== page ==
Wednesday, January 8, 2014

A year without God

It's a new year, and there is one former pastor that is taking on an interesting experiment. Ryan Bell is a former pastor of the Seventh-Day Adventist Church. He has questioned the official church stance on some issues, which has caused him to take on this project of 'trying on' atheism for a year. Here's on his blog...
what he had to say about the experiment

As it turns out, the day came when I really didn’t fit within the church anymore. I had been an outspoken critic of the church’s approach to our gay, lesbian, bisexual and transgendered members — that approach being exclusion or, at best, second class membership (“we won’t kick you out but you can’t participate in leadership”). Through the years, I had also been a critic of the church’s treatment of women, their approach to evangelism and their tunnel-vision approach to church growth...

...I tried to maintain that I was a faithful critic — a critic from within — someone committed to the church and its future success but unwilling to go blindly along with things I felt were questionable, or even wrong...

...This was on top of my theological concerns. I couldn’t affirm the teaching that the Seventh-day Adventist Church was the “remnant church” — God’s chosen people to prepare the world for the last days. If fact, there was a lot about the church’s beliefs concerning the last days (and the more proximate days) that troubled me...

...In March, I stood my ground on these issues and was asked to resign. I didn’t want to resign but I finally agreed...
It is sad, but not very surprising that he would be sacked from his position simply for having a difference of opinion. Especially, since he was taking the position that I am secure in saying will be on the winning side in history. He tries to be compassionate and a decent person, and instead of accolades,  he is asked to resign. Quite sad indeed.
...So, I’m making it official and embarking on a new journey. I will “try on” atheism for a year. For the next 12 months I will live as if there is no God. I will not pray, read the Bible for inspiration, refer to God as the cause of things or hope that God might intervene and change my own or someone else’s circumstances. (I trust that if there really is a God that God will not be too flummoxed by my foolish experiment and allow others to suffer as a result)...
While I am very supportive of him undertaking this experiment, I think it's worth pointing out that as long as he still believes in God, he's not 'trying on' atheism. You can't choose what you believe, so you can't choose to be an atheist. You either are, or you aren't. So what he will really be doing is living like most Christians do. Not reading the Bible and not really concerning themselves with religion for the majority of their day. Except he's going to go the extra step and not throw around 'God' references as a show of faith. That said, atheist or not, I think it's a good experiment if honestly done.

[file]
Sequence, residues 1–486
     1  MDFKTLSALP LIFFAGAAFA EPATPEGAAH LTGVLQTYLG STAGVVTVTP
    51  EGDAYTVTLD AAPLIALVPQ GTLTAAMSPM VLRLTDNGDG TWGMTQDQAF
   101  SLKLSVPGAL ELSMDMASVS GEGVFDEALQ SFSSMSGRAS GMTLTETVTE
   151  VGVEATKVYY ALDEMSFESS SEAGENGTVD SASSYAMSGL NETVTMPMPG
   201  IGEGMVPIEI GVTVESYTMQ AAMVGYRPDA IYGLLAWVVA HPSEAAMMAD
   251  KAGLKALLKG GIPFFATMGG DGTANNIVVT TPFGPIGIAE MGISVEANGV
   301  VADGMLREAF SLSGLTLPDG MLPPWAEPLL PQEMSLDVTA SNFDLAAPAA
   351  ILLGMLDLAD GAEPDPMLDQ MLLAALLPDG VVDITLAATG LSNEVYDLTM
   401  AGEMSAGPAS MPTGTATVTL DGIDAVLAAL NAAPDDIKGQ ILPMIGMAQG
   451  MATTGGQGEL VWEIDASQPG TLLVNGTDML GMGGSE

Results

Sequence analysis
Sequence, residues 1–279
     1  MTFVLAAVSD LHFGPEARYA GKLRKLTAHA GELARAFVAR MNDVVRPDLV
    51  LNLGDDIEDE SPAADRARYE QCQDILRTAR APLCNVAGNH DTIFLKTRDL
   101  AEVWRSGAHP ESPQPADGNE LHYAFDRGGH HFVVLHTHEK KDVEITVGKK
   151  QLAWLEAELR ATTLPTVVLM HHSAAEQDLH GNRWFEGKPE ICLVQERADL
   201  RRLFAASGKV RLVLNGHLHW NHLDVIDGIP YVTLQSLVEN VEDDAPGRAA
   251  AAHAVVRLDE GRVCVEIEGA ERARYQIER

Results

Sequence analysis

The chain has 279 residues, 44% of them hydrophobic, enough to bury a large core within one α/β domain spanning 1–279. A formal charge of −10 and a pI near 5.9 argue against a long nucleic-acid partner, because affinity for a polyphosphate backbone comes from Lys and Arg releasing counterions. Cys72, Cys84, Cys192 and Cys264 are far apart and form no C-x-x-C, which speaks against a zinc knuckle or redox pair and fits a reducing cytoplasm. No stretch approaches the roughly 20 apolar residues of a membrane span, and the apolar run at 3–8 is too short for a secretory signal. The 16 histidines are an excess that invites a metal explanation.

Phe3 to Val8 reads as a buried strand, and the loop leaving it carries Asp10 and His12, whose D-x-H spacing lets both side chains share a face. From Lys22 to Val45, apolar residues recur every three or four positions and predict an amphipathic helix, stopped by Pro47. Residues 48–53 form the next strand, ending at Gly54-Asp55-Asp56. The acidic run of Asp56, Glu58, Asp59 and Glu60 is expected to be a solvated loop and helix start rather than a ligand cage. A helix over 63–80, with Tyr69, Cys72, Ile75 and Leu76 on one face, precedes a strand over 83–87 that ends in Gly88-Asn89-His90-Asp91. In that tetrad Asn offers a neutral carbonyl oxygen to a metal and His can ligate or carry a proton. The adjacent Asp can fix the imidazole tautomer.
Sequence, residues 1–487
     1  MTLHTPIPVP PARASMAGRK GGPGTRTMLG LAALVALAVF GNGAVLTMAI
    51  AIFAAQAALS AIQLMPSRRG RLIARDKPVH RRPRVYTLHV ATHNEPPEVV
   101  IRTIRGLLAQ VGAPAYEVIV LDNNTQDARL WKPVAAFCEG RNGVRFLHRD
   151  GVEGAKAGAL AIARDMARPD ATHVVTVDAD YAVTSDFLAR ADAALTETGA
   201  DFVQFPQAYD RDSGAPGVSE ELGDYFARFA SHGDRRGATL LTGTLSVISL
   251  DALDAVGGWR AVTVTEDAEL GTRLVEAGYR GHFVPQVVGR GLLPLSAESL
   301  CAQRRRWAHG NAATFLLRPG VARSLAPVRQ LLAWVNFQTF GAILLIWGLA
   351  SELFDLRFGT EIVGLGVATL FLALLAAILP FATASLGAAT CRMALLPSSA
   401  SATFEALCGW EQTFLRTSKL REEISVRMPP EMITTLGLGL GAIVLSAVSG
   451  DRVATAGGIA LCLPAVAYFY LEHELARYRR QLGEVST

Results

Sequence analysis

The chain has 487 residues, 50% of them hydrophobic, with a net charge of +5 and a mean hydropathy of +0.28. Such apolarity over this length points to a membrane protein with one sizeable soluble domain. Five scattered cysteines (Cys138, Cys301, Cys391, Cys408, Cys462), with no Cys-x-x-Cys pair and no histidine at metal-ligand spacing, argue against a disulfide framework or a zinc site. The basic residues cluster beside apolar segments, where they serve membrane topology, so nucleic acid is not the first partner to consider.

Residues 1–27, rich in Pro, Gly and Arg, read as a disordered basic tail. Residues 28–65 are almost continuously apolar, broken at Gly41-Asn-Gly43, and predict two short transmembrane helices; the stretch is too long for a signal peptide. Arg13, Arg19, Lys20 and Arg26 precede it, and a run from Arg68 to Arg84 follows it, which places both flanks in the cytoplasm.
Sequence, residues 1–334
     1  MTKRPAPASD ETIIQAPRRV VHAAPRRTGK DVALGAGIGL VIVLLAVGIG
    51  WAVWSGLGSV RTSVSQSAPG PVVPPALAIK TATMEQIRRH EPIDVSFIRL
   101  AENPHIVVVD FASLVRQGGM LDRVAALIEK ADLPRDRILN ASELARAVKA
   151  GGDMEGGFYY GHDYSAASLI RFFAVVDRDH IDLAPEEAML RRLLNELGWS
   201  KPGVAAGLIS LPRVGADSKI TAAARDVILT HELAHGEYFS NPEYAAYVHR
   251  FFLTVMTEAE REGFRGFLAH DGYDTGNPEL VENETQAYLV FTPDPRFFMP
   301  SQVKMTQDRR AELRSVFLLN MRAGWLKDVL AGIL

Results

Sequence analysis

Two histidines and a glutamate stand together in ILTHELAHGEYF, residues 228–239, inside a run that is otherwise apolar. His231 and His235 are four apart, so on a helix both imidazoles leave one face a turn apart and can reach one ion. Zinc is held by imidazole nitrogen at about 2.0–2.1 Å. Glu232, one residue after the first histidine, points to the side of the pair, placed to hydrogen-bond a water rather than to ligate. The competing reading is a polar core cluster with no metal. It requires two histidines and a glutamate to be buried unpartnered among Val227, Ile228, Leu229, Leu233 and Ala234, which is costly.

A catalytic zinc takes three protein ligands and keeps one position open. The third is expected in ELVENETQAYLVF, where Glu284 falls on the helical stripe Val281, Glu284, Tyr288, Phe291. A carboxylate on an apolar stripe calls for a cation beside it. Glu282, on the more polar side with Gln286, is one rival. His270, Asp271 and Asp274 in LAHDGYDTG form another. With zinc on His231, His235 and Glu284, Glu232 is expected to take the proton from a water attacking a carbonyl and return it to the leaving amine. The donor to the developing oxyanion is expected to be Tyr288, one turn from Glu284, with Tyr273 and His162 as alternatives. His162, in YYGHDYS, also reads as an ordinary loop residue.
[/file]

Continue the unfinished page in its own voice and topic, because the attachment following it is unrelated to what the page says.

This one isn't mentioned much, but for
anyone wanting a quick, easy to read
primer on atheism, I suggest 'Atheist
Universe'
by David Mills
I will read atheist “sacred texts” — from Hobbes and Spinoza to Russell and Nietzsche to the trinity of New Atheists, Hitchens, Dawkins and Dennett. I will explore the various ways of being atheist, from naturalism (Voltaire, Dewey, et al) to the new ‘religious atheists’ (Alain de Botton and Ronald Dworkin). I will also attempt to speak to as many actual atheists as possible — scholars, writers and ordinary unbelievers — to learn how
they have come to their non-faith and what it means to them. I will visit atheist gatherings and try it on.
 I'm guessing that 'sacred texts' is in quotes because he realizes that there are no sacred texts in atheism. At least I hope that's the case. I am encouraged that he will be looking into naturalism, and that he will be talking to atheists and going to gatherings. I hope he gets a nice welcoming, and finds answers to any questions he has. I doubt he'll ever see my blog here, but I'm always happy to field questions. Lastly, once he looks into the science of naturalism, I feel he'll be amazed by how evidenced and beautiful a fully natural world is.
In short, I will do whatever I can to enter the world of atheism and live, for a year, as an atheist. It’s important to make the distinction that I am not an atheist. At least not yet. I am not sure what I am. That’s part of what this year is about. 
 Looks like I spoke too soon. Bell (unlike many believers I encounter) realizes that atheism isn't just a simple choice. I have a good feeling about this guy, and wouldn't be surprised if he exits this year no longer believing.
My desire is, as always, to pursue the truth and do it in a sometimes serious, sometimes playful, way that might be insightful for others as well. During the year I will be blogging my experience here and working on a book. I invite you to follow along and share your thoughts.
 I know I'll be looking for the updates, and wish Bell the very best. Sadly, just a four days in, he's already been a victim of 'Christian love'.
We still love you!